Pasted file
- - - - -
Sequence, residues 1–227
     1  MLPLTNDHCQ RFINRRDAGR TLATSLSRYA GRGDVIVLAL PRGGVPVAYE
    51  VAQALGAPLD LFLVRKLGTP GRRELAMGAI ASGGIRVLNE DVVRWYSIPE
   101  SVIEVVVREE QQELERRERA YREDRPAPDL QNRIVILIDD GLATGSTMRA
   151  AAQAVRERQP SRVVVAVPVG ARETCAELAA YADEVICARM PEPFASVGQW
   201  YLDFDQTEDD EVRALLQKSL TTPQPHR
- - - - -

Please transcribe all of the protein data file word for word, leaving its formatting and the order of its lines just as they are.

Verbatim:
Sequence, residues 1–227
     1  MLPLTNDHCQ RFINRRDAGR TLATSLSRYA GRGDVIVLAL PRGGVPVAYE
    51  VAQALGAPLD LFLVRKLGTP GRRELAMGAI ASGGIRVLNE DVVRWYSIPE
   101  SVIEVVVREE QQELERRERA YREDRPAPDL QNRIVILIDD GLATGSTMRA
   151  AAQAVRERQP SRVVVAVPVG ARETCAELAA YADEVICARM PEPFASVGQW
   201  YLDFDQTEDD EVRALLQKSL TTPQPHR